Taking Up Space: Women Photographers Who Intrude
#photography & visual arts
small, Taking Up Space: Women Photographers Who Intrude, From the series 'Julia Wannabe', photo: Anna Grzelewska / courtesy of Wszyscy Jesteśmy Fotografami (We Are All Photographers), center, julia_wannabe_fot_anna-grzelewska.jpg
All the photographers in this article are women who fight for respect and their right to free speech. Without any self-consciousness, they speak out about mental health, toxic relationships and marital troubles. They remind us that artistic success doesn’t place anyone above the rest of society.
These women’s photography doesn’t restrain itself to simply capturing images – it includes collage, documentation of performance art as well as planned-out scenes in studios. This wide range of styles points to the emancipatory potential within the medium.
Our guide in this journey through photographers is the book Wszyscy Jesteśmy Fotografami Vol. 1 (We Are All Photographers, Vol. 1). The publication is a summation of dozens of photography events organised by Katarzyna Sagatowska and Monika Szewczyk-Wittek. The duo, when inviting lecturers, insisted upon ‘stories as subjective as possible’, which was meant to give participants the ability for further independent reflection. We also describe photographers who did not make it into the pages of the book, but did take part in exhibitions. According to these artists, what is photography capable of?
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Zuzanna Janin dedicated her writing in the anthology to discussing violence. In it, she ‘comes out’ – she describes herself as a ‘Survivalist’, a woman who has experienced domestic violence. Janin writes about straightforward aggression, as well as the passive kind, harder to notice, more embarrassing, more hidden.
In the section titled Symbolic Violence, Janin describes her work Wajda. Wałęsa. Ossowska from 2016. In it, she presents two images: one an archival photograph from the Gdańsk Shipyard and another a still from Andrzej Wajda’s film Wałęsa: Man of Hope. In the film, Ewa Ossowska, a Solidarity activist, is swapped out for a man in a key scene. Janin covered up the original photograph with a cut-out from the film and vice-versa, so that Wałęsa and Ossowska from the original photograph, stood together in Wajda’s film. Her work is a critical commentary on the fact that artistic vision excuses erasing women from history.
Janin also wrote about a poster from activist group Nasza Wiara (Our Faith) and the actions of Żubrzyce Mówimy Nie (Bisons Say No, a group of activist-performers who dress up as bison and protest on behalf of women in the art world). Photography plays a smaller part in their work, but the link is still there.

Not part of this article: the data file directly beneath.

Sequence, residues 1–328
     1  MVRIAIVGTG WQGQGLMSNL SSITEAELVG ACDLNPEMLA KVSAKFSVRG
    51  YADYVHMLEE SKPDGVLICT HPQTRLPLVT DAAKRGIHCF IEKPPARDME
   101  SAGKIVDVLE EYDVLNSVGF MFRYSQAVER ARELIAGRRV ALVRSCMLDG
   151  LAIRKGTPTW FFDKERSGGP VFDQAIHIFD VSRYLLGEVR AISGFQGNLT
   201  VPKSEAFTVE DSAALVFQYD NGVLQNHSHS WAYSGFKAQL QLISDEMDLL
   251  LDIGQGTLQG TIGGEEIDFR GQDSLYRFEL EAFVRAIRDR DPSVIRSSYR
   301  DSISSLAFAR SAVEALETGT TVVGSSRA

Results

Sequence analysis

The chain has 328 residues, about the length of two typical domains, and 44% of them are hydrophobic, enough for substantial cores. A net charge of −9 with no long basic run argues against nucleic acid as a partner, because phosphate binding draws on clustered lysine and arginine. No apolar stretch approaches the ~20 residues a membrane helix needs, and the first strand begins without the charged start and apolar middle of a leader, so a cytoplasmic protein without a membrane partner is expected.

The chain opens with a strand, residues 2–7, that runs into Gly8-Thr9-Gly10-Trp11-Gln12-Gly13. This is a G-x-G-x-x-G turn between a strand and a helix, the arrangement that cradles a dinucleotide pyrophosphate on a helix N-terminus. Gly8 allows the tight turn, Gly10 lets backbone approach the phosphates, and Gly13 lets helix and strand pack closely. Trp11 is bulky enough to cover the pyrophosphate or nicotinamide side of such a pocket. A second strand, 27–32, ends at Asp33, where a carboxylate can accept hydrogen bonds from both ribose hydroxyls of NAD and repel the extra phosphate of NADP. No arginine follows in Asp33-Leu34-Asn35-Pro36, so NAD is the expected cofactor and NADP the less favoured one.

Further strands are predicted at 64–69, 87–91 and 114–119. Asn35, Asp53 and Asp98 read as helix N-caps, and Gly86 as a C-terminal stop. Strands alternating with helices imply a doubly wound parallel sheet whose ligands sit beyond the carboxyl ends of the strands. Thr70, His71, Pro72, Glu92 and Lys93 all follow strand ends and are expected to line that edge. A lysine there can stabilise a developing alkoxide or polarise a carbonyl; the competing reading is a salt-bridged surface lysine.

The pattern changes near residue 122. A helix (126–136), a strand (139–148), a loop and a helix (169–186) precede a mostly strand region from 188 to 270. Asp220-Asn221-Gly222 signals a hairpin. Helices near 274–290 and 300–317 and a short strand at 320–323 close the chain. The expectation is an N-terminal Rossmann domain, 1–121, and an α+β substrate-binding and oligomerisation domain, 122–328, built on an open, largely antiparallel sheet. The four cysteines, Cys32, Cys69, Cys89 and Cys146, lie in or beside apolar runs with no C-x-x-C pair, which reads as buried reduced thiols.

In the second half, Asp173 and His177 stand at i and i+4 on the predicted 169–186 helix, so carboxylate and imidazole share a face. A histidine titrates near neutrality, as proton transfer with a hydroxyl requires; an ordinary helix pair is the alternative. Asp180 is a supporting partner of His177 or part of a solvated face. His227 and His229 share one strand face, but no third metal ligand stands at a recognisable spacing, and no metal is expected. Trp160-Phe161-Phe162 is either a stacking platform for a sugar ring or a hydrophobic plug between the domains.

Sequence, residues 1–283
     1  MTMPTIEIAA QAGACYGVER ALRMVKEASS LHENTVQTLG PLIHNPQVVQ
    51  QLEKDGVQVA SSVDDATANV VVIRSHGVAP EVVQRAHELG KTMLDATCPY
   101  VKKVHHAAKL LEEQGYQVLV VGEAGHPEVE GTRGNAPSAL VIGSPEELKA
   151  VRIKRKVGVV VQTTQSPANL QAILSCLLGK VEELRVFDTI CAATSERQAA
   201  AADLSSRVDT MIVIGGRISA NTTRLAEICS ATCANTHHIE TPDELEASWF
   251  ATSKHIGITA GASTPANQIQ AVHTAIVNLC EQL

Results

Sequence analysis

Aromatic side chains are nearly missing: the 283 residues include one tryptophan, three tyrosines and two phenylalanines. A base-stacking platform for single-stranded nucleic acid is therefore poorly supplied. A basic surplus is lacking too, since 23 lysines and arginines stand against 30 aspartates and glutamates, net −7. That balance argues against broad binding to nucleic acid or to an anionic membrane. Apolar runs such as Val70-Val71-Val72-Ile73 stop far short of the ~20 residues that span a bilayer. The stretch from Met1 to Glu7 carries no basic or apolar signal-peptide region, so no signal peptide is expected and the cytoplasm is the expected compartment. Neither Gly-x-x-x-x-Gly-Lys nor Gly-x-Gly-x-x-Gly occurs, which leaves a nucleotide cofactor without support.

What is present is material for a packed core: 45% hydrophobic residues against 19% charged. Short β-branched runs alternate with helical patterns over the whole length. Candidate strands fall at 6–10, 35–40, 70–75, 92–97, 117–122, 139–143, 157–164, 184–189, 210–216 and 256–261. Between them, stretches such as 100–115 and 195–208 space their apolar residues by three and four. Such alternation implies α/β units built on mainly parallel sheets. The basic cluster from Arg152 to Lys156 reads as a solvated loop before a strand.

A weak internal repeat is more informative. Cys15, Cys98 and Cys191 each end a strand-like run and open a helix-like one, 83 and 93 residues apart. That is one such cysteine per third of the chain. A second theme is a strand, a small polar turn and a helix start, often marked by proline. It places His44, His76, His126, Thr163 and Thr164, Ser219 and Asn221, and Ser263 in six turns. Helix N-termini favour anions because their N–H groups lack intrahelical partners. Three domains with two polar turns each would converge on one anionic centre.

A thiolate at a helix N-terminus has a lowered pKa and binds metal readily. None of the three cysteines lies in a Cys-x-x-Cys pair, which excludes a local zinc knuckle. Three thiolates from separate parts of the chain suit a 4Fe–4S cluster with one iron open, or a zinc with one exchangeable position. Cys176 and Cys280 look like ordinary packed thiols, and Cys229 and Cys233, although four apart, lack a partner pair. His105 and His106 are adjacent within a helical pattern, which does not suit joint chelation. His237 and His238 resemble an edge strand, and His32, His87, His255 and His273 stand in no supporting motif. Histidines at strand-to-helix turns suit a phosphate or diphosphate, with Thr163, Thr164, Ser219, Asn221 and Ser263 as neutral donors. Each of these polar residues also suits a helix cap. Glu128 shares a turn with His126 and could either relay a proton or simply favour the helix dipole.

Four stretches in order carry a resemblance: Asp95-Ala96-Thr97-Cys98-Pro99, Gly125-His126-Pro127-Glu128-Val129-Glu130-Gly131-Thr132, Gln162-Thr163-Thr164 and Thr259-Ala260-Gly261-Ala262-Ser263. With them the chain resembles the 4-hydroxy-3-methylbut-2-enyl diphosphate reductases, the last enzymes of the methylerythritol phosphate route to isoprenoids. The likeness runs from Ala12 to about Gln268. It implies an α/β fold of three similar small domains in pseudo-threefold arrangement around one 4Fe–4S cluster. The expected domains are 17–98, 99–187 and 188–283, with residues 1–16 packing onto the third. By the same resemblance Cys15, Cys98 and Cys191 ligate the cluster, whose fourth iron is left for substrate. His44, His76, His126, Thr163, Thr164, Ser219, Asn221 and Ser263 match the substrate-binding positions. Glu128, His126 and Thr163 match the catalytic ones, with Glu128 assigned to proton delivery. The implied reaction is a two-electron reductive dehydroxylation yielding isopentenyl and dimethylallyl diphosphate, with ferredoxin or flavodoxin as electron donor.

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Nasza Wiara (Our Faith, comprised of Paweł Hajncel, Marta Frej, Tomasz Kosiński and Dariusz Dąbrowski), 'Bycie artystą nie zwalnia z bycia człowiekiem' (Being an artist doesn’t free you from being a person), 2015, photo: courtesy of Our Faith and WJF
‘Being an artist doesn’t free you from being a person’ – this is a poster from Nasza Wiara (Paweł Hajncel, Marta Frej, Tomasz Kosiński and Dariusz Dąbrowski), created for the 70th anniversary of the Władysław Strzemiński Academy of Fine Arts in Łódź. The poster uses a famous photograph of a well-known married couple: Katarzyna Kobro and Władysław Strzemiński, both artists. Strzemiński’s violence toward Kobro was kept a secret for many years. The fact that the famous artist and theoretician beat and degraded his wife was only revealed by their daughter Nika Strzemińska:
Selected works by Katarzyna Kobro – Image Gallery
Selected Works by Katarzyna Kobro – Image Gallery
He used a stilt to beat her. He would target parts of her body with its rubber foot.
The poster has a clear message – artistic achievements don’t free people from following societal norms; even creative types have a responsibility to those around them.
Like Wałęsa, Wajda devoted a film to Strzemiński as well. And once more the director dealt with accusations of distorting history, because Katarzyna Kobro never appeared in his film. By eliding her from his story about an ‘artist hurt by the system’, he allowed the uncomfortable truth to stay hidden. In the film, we never see his violent nature or the fact that her own husband stopped her from receiving a lecturer position at the University of Fine Arts in Łódź.
Analysing the poster, it’s difficult not to think of a similar situation that took place in November 2019, in the same city. A group of students from Łódź Film School protested against a meeting with Roman Polański. In reaction to this, the dean Mariusz Grzegorzek released a statement:
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In a certain sense, I’m terrified of this sudden activism and the over-stimulated dark energy emanating in regards to the atomisation and enfeebling of this artistic crisis that we are dealing with every day. I don’t feel that I have any moral rights to judge Roman Polański’s life. On what basis should I have any? The overblown media reports, the American judicial system, or my own intuition?
The author of the original petition, Jędrzej Michalak, reminded people of the same thing as the creators of the poster – celebrating famous artists accused of violence shows a lack of sensitivity to their victims. Ultimately, at the request of Polański, the meeting was cancelled.